The only light that can illuminate the darkness of a world lying in sin, must come from Christ; and this light is granted to all who will receive it. For, said the great Teacher, “He that followeth Me shall not walk in darkness, but shall have the light of life” (John 8:12).
Those who receive the divine radiance are in turn to become light-bearers to the world. Thus our Saviour taught His disciples: “Ye are the light of the world. A city that is set on a hill can not be hid. … Let your light so shine before men, that they may see your good works, and glorify your Father which is in heaven” (Matthew 5:14, 16).
Religion is not to be held as a precious treasure, jealously hoarded, and enjoyed only by the possessor. True religion can not be thus held; for such a spirit is contrary to the very principle of the Gospel. “Freely ye have received, freely give” (Matthew 10:8), are the words of our Master; and again He bids us, “Love one another as I have loved you” (John 13:34). If Christ is dwelling in the heart, it is impossible to conceal the light of His presence; it is impossible for that light to grow dim. It will grow brighter and brighter, as day by day the mists of selfishness and sin that envelop the soul are dispelled by its bright beams.
The Need of Shining Lights
The world lies in darkness. All around us there are souls going down to ruin and death. As Christ sheds the light of His love upon His followers, they are to reflect this light upon others. God’s word declares that His children of this world are wiser in their generation than the children of light. The zeal and steadfastness of the lighthouse keeper, in his efforts to save men from destruction, put to shame the faith and devotion of many a professed Christian.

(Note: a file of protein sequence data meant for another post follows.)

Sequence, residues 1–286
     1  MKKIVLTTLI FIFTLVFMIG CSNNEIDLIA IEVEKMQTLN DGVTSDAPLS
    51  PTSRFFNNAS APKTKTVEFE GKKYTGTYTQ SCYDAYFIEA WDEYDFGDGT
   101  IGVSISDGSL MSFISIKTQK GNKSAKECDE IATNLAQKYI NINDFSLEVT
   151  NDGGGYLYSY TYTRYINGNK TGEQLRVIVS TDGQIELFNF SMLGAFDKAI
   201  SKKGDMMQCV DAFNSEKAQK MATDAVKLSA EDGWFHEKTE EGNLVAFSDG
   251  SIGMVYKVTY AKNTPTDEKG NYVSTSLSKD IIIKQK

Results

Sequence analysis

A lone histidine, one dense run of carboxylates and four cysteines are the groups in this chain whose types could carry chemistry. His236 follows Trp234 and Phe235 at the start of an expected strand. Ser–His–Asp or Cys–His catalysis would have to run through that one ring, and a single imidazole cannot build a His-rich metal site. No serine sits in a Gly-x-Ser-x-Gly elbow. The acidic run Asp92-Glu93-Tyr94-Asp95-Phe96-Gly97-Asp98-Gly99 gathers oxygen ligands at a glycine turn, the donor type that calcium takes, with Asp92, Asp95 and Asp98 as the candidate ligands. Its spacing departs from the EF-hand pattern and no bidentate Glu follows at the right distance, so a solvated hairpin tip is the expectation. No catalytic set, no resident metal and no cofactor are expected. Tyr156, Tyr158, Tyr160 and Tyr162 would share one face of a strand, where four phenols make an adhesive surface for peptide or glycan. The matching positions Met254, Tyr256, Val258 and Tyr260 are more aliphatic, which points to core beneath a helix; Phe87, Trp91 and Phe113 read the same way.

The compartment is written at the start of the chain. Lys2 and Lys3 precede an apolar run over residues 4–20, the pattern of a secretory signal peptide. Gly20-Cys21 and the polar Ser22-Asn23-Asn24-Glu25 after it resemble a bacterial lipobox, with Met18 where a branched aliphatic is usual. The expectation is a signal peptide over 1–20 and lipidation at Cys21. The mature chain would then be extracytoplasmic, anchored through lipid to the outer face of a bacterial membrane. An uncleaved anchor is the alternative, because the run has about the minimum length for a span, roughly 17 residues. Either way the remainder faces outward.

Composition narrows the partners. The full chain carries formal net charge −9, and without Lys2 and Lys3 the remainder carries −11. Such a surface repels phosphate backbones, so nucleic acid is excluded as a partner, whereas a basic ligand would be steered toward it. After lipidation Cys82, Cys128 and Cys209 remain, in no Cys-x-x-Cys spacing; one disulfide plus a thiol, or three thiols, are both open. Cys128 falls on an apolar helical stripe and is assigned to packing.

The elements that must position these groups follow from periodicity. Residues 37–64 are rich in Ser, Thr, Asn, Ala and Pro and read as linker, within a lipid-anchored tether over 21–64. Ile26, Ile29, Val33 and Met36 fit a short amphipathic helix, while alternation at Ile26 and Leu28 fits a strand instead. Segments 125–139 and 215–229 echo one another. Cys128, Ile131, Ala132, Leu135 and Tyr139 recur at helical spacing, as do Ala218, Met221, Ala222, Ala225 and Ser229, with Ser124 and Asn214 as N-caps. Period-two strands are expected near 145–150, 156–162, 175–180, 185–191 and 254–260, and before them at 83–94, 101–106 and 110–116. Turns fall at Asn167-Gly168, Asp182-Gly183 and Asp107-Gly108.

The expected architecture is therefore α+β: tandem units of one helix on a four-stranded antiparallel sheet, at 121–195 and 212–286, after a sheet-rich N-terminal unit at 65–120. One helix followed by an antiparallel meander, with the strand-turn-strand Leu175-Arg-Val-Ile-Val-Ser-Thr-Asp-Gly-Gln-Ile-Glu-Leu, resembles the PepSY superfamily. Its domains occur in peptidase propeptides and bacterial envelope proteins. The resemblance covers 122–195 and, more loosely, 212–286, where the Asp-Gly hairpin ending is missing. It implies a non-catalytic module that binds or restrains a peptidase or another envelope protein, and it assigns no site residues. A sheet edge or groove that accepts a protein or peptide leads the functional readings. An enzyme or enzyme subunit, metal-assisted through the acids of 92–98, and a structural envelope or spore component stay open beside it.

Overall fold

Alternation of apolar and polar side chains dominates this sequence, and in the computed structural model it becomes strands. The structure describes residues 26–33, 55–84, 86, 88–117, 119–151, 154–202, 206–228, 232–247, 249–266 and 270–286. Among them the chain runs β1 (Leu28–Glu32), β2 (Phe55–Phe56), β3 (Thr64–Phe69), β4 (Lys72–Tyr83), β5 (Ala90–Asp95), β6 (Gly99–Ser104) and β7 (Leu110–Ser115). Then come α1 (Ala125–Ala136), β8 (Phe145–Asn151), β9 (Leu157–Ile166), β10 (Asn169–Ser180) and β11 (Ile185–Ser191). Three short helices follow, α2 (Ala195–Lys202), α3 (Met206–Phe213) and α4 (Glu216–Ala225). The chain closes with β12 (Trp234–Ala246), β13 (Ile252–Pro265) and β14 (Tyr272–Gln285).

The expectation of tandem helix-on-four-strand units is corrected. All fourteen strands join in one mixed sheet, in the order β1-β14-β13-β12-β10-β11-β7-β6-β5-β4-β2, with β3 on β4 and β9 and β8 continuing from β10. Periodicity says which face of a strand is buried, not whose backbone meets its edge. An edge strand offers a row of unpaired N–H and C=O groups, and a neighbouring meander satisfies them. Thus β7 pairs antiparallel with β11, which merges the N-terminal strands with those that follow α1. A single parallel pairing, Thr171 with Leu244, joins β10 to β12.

A story is told of the watchman at Calais lighthouse. He “was boasting of the brilliancy of his lantern, which can be seen ten leagues out at sea, when a visitor said to him:
“ ‘You speak with enthusiasm, sir, and that is well. I like to hear men tell what they are sure they have and know; but what if one of the lights should chance to go out?’
“ ‘Never, never! Absurd, impossible!’ replied the sensitive watchman, in consternation at the mere supposition of such a thing. ‘Why, sir,’ he continued, and pointed to the ocean, ‘yonder where nothing can be seen, there are ships going by to every port in the world. If, to-night, one of my burners were out, within six months would come a letter, perhaps from India, perhaps from Australia, perhaps from some port I never heard of before—a letter, saying that on such a night, at such an hour, at such a minute, the light at Calais burned low and dim; that the watchman neglected his post; that vessels were consequently put in jeopardy on the high seas. Ah, sir,’ and his face shone with the intensity of his thought, ‘sometimes, in the dark nights, and in the stormy weather, I look out upon the sea, and feel as if the eye of the whole world were looking at my light. Go out? Burn dim? That flame flicker low or fail? No, sir, never!’
Shine for Christ
“Shall Christians, shining for tempted sinners, allow their light to fail? Forever out upon life’s billowy sea, are souls we see not, strange sailors in the dark, passing by, struggling, it may be, amid the surges of temptation. Christ is the light, and the Christian is appointed to reflect the light. The ocean is vast, its dangers are many, and the eyes of far-away voyagers are turned toward the lighthouse—the church of Jesus Christ. The church is set to be the light of the world. Are its revolving lamps all trimmed and brightly burning?”
Think of this, professed Christians. A failure to let your light shine, a neglect to obtain heavenly wisdom that you may have light from God, may cause the loss of a soul. What is the life lost at sea, in comparison with the eternal life which may be lost through your unfaithfulness? Can you endure the thought? Can you go on from day to day indifferent and careless, as tho there were no God, no hereafter; as tho you were not Christ’s servant; as tho you had no blood-bought privileges? It is of the highest consequence that you stand at your post, like the faithful watchman, that your light may shine out before others. You should be so impressed with the importance of your work, that to the question, “What if your light should go out?” your whole soul would respond, “Never, never! For then souls would be lost!”
The Signs of the Times, May 24, 1910.